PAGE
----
Soil solarization with biodegradabile materials and its impact on soil microbial communities.

Giancarlo Moschetti, Silvia Caporaso, Mario Chiurazzi, Scala Felice, Giovanni Del Sorbo, Giuliano Bonanomi

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49 Citazioni (Scopus)

Abstract

Soil solarization (SS) seems one of the most promising techniques to control soilborne pathogens, but an important limitation to the diffusion of this technique is due to the drawback regarding the disposal of the used plastic materials. A possible solution to this problem is the use of biodegradable plastics. The aim of this study was compare the impact of SS with biodegradable materials with SS with plastic film and others pest management techniques (i.e. organic matter amendment, calcium cyanamide and Dazomet fungicide application) on crop productivity, soilborne disease incidence, weed suppression, and soil chemical (total N, ammonium, nitrate, available phosphorus, organic matter, hydrolysis of the fluorescein diacetate) and microbial parameters (cultivable Pseudomonas, DGGE fingerprinting of ribosomal DNA of soil bacteria and fungi). We carried out field experiments on two types of soil with different textures (clay and sandy) artificially inoculated with Fusarium oxysporum f.sp. lycopersici (vs. tomato) and Sclerotinia minor (vs. lettuce). Temperature of soils covered with solarizing materials was always higher than that of bare soils, but plastic cover was more effective and consistent in rising soil temperature compared to biodegradable materials. Plant growth promotion by SS was limited, especially compared to Dazomet and organic matter application, and a positive effect was observed only for lettuce in the clay soil. Differently, both plastic and biodegradable solarizing materials were effective in reducing lettuce drop caused by Sclerotinia minor. Weed development was significantly suppressed by Dazomet application and SS with plastic film, while weed control with biodegradable materials was limited. SS has a variable and limited effect on chemical and microbial parameters, with the exception of a general tendency of reduction of bacterial and fungal richness. Dazomet fungicide has the strongest effect on the soil microbial community, with the most pronounced diversity reduction in both soil types and a significant stimulation of the fluorescent Pseudomonas group. Organic amendment significantly enhanced organic matter content, the hydrolysis of the fluorescein diacetate and the Pseudomonas population. Among all measured soil parameters, fluorescent Pseudomonas population emerged as the most important parameter in relation to crop productivity.In conclusion, the results of this experimentation show the potential of using the biodegradable solarizing materials in place of plastic films, but also, indicate the need for improving their properties to obtain performances comparable to those of other pest management techniques.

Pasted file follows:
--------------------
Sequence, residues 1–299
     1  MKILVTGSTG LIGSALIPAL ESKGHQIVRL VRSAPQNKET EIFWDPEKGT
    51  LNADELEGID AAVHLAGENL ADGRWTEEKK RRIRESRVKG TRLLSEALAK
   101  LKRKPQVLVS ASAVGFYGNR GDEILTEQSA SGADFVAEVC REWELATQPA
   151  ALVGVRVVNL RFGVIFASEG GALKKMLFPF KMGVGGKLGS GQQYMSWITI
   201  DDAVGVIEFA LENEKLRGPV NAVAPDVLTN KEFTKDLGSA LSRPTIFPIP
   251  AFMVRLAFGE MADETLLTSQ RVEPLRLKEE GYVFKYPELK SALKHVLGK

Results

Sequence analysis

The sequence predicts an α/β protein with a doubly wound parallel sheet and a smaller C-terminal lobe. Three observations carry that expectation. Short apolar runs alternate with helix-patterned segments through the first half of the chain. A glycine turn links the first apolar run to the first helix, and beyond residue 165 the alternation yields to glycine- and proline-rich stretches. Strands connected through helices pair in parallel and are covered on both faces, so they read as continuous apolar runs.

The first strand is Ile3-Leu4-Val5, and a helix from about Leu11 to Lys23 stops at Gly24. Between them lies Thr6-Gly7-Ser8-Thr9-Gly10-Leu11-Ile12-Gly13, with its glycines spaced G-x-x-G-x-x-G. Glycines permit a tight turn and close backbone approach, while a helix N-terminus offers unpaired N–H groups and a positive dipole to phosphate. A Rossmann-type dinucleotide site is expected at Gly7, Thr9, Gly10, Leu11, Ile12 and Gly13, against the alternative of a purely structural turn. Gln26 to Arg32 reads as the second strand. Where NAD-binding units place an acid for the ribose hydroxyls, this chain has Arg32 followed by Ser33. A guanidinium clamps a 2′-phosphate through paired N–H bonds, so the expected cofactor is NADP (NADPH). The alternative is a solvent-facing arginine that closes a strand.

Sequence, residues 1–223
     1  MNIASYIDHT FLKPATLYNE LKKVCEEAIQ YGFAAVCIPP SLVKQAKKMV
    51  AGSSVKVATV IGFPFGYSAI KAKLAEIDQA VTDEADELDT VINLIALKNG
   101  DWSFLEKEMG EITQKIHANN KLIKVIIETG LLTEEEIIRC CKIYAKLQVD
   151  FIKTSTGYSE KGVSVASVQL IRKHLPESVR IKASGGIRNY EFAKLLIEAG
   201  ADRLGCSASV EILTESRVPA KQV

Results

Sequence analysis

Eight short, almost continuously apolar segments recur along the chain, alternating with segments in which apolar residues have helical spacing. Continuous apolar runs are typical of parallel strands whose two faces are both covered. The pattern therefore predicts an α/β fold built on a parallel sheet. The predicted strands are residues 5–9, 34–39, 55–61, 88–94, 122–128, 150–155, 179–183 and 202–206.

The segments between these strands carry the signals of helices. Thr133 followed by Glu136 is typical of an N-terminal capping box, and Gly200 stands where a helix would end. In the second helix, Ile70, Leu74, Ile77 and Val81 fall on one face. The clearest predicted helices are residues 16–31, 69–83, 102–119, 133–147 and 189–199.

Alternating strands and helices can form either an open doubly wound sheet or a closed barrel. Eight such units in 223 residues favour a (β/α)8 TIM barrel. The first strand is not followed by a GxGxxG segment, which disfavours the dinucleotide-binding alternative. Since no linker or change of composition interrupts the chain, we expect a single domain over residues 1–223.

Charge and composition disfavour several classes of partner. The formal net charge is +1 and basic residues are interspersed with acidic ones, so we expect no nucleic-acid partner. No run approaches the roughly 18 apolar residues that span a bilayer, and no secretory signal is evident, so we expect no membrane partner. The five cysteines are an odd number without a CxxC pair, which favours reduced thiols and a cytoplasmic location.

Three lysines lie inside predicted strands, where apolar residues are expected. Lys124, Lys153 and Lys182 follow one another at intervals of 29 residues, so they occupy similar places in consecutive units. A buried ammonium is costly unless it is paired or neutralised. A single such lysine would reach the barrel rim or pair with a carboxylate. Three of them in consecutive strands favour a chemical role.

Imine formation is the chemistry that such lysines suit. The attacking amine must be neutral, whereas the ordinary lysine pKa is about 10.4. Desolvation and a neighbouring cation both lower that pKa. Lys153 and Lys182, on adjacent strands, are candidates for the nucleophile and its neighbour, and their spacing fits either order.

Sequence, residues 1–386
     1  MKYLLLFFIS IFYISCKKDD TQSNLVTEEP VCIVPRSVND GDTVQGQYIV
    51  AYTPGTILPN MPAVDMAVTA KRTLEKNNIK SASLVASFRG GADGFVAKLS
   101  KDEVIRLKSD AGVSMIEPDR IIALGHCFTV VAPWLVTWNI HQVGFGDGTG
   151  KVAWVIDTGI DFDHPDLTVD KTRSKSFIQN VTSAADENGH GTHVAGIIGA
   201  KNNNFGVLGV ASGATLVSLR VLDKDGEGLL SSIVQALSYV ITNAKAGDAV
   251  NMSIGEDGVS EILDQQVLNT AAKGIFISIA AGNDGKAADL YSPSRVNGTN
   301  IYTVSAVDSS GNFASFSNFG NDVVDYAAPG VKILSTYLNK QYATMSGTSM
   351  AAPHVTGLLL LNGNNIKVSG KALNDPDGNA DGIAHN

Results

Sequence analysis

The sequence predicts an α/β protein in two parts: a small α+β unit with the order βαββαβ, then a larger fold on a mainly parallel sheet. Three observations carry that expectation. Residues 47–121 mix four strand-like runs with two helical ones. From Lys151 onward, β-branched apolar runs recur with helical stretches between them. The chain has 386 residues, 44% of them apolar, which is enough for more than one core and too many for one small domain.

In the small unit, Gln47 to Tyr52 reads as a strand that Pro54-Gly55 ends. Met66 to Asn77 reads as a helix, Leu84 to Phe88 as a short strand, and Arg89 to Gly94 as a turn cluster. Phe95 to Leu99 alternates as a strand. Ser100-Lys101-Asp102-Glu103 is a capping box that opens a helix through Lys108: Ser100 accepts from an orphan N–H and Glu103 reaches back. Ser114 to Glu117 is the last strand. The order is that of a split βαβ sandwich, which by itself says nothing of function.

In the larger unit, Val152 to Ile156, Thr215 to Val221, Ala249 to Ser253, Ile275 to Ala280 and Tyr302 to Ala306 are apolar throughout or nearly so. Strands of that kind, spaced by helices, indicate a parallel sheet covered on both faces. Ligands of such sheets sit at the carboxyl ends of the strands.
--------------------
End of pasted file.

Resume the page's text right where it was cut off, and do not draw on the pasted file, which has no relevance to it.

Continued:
Lingua originaleEnglish
pagine (da-a)1989-1998
Numero di pagine10
RivistaSOIL BIOLOGY & BIOCHEMISTRY
Volume40
Stato di pubblicazionePublished - 2008

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All Science Journal Classification (ASJC) codes

  • Microbiology
  • Soil Science

Cita questo

Moschetti, G., Caporaso, S., Chiurazzi, M., Felice, S., Del Sorbo, G., & Bonanomi, G. (2008). Soil solarization with biodegradabile materials and its impact on soil microbial communities. SOIL BIOLOGY & BIOCHEMISTRY, 40, 1989-1998.